Since Cowley Manor launched as a chic country house hotel and spa, it has been Gentrystyle’s preferred detox getaway. As we all know, there are two trends in recent years that we all ought to be wary of – the rise of pseudo-fashionable boutique hotels the world over and the return of the chintzy country house hotel. Too often, boutique hotels disappoint with bad soft furnishings, and country house hotels disappoint with bad food and too many old people. Happily, Cowley Manor, outside Cheltenham, has hardly put a foot wrong in reinventing the English country house for the 21st century – its bespoke soft furnishings are impeccable, its guests still have a spring in their step.
Cowley Manor has a varied history. The picturesque church which sits adjacent to the main house has been there since the 13th century, and while the original manor house was established there in 1695, it was eventually pulled down. The current house dates from 1860, overseen by the architect George Somers Clarke. (A bit of London trivia: Somers Clarke isn’t nearly as well known as many other Victorian architects, but we like him because of his link to that sartorial playground for men – Jermyn Street – because it was Somers Clarke who built a fabulously Orientalist Turkish Bath on that street, catering for the gentlemen of St. James, in the 1860s, see image to the right.) Somers Clarke’s Victorian country house – later used by Cheltenham Ladies College and sundry others – has been painstakingly gutted and intelligently renewed in form of a 30-bedroom luxury hotel with restaurant, bar and spa.
Like so many good country homes which amassed fine collections of art, Cowley has begun gathering an eye-catching collection of contemporary work. While there are some ‘big’ name artists like Gavin Turk, one of the original YBAs, many of the artists dotted throughout the house are less well known. We particularly came to admire the work of Katarina Ivanisin, who featured in the sitting room of our suite, but whose work is found throughout the house. A graduate of the Royal College of Art whose work is informed by her experiences of Dubrovnik, Ivanisin’s work is hazy and shifting, gesturing toward the abstract while hinting at landscapes and architectural structures. The evocative Atomic Explosion series at the bottom of a set of back stairs, opposite the basement, is worth pausing over. Other artists to keep an eye out for include David Farrer, whose animal head sculptures cheekily adorn the bar, Swiss-born Andreas Ruthi, textile designer Ptolemy Mann, and Mark Thompson whose moody canvases adorn the sitting room.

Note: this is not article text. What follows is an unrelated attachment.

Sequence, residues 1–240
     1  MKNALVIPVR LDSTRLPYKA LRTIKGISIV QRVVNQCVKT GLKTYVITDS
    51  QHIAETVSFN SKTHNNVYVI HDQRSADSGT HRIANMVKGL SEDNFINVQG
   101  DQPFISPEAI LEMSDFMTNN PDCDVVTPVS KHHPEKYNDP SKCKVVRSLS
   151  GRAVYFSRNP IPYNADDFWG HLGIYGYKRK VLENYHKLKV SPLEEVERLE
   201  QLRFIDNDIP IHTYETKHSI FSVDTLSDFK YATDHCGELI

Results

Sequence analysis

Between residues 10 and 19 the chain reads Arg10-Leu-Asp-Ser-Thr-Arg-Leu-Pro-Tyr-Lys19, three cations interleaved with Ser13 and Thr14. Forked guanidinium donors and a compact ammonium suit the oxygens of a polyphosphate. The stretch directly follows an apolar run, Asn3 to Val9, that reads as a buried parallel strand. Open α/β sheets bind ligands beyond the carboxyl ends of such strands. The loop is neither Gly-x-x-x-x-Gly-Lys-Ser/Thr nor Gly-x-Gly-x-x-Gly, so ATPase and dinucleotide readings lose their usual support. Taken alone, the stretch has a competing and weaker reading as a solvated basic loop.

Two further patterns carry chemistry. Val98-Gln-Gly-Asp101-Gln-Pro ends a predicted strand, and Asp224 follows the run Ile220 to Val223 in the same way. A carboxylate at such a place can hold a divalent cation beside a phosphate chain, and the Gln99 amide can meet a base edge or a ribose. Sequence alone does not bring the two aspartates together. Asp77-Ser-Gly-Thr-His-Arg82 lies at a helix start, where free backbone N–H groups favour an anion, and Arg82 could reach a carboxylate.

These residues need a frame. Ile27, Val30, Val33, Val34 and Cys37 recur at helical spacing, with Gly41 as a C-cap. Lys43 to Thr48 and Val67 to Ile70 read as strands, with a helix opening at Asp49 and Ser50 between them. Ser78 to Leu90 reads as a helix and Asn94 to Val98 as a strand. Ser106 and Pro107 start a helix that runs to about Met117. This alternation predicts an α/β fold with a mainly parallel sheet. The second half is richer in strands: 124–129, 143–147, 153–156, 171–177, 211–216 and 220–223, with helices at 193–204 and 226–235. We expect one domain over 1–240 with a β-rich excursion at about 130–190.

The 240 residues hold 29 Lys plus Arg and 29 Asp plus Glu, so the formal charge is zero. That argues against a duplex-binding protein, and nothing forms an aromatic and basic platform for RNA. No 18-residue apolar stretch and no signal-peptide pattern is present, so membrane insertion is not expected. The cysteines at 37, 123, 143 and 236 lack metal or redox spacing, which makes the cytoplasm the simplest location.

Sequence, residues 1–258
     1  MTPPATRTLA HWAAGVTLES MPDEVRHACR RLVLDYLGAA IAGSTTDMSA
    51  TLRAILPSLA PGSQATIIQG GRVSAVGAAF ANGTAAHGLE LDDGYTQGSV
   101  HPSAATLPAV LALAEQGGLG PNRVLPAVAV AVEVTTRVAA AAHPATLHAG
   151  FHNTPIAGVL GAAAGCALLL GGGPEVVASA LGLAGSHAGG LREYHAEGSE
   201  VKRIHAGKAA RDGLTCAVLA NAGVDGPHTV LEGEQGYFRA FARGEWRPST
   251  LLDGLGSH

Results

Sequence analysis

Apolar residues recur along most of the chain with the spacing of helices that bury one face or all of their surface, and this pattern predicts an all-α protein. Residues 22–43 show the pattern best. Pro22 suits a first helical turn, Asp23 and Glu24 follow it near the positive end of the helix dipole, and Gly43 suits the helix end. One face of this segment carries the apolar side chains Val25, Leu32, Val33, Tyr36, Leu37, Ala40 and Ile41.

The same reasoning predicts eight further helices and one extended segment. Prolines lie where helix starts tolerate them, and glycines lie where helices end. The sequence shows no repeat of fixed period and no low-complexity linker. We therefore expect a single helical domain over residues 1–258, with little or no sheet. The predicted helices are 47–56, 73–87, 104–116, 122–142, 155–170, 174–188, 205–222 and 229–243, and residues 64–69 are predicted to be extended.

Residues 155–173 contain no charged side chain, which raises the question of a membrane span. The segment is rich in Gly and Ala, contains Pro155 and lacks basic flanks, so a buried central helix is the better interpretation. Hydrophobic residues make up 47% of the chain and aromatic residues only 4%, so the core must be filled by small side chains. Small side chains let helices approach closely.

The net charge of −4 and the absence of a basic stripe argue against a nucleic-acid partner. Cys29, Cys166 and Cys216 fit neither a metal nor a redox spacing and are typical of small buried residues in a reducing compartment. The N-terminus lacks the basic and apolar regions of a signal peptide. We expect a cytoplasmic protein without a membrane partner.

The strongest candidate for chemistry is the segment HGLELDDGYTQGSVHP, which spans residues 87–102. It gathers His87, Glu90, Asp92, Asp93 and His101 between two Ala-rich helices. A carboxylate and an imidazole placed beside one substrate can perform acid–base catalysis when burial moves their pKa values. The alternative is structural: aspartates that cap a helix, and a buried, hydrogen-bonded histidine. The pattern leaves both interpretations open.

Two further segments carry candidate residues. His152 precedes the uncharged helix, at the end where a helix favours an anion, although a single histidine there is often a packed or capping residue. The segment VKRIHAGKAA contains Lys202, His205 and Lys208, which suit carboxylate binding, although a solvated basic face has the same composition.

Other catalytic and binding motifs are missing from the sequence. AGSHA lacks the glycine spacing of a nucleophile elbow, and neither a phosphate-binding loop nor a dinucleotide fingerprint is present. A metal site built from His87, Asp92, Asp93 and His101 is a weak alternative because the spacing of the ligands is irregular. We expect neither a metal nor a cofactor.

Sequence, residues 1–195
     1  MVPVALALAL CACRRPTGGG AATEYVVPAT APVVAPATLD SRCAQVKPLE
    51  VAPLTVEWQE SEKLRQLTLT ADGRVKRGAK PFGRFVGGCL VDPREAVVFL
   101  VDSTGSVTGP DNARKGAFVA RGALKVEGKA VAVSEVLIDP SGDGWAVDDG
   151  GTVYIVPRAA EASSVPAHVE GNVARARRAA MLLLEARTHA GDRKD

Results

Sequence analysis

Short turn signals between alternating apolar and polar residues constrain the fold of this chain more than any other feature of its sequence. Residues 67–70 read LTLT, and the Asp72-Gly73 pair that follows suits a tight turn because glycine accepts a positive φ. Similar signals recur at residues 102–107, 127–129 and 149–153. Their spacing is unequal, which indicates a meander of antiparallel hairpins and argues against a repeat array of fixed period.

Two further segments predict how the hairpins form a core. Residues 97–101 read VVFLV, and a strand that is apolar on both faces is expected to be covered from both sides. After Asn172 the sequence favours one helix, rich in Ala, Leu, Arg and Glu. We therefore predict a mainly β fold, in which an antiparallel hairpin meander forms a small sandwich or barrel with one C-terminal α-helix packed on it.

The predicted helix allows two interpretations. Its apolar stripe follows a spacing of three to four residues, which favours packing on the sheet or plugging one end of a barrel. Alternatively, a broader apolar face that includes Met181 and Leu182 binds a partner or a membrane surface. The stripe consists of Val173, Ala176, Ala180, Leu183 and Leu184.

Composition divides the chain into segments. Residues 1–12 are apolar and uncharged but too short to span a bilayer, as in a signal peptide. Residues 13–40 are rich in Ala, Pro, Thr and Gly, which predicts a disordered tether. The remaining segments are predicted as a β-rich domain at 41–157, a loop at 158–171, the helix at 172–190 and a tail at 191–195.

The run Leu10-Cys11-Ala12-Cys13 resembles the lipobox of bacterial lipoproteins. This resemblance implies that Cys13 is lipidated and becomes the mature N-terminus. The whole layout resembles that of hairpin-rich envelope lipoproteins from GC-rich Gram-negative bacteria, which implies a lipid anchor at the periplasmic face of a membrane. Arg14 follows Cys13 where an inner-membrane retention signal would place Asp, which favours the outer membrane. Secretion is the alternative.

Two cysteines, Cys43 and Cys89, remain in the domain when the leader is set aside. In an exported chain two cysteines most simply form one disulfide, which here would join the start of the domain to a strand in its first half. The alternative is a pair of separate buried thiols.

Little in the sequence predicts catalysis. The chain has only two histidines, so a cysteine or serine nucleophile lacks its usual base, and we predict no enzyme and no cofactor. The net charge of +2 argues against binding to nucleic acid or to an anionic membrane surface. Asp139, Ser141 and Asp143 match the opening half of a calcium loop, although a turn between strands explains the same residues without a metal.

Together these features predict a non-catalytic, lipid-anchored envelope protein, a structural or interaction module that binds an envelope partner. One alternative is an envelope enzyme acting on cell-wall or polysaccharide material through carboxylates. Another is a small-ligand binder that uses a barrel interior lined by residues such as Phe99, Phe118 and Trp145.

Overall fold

Rest assured, you won’t find a heavy gilt frame anywhere, which is just as well since the décor throughout the hotel is strictly contemporary, and, perhaps surprisingly, it hasn’t dated in the least over the past few years. Unlike so many post-Wallpaper hotels that plumped for too-dark woods (wenge!) and a too-limited colour palette (beige!), Cowley balances lighter woods with a subtle range of colours – olive greens and raspberry pinks, for example. It makes for a laid back environment, sympathetic for the display of the art.
One place that you won’t find much art, but which is a work of art itself, is the spa – a new, classically modernist building which houses the gym, pool, steam rooms and treatment rooms. To our minds, it’s still the best country house spa in England – not necessarily the biggest and happily not the flashest, it’s elegant and cool without being austere and arsey. The treatments are a real pleasure – you won’t be disappointed with the ‘C Minus’ detox and exfoliating treatment – and you should obviously try to steal as many bathroom samples of their signature products (lots of geranium and orange and rosemary) as you can, though they’re also for sale.
Best of all, Cowley Manor is only an hour and a half from London. No airport required.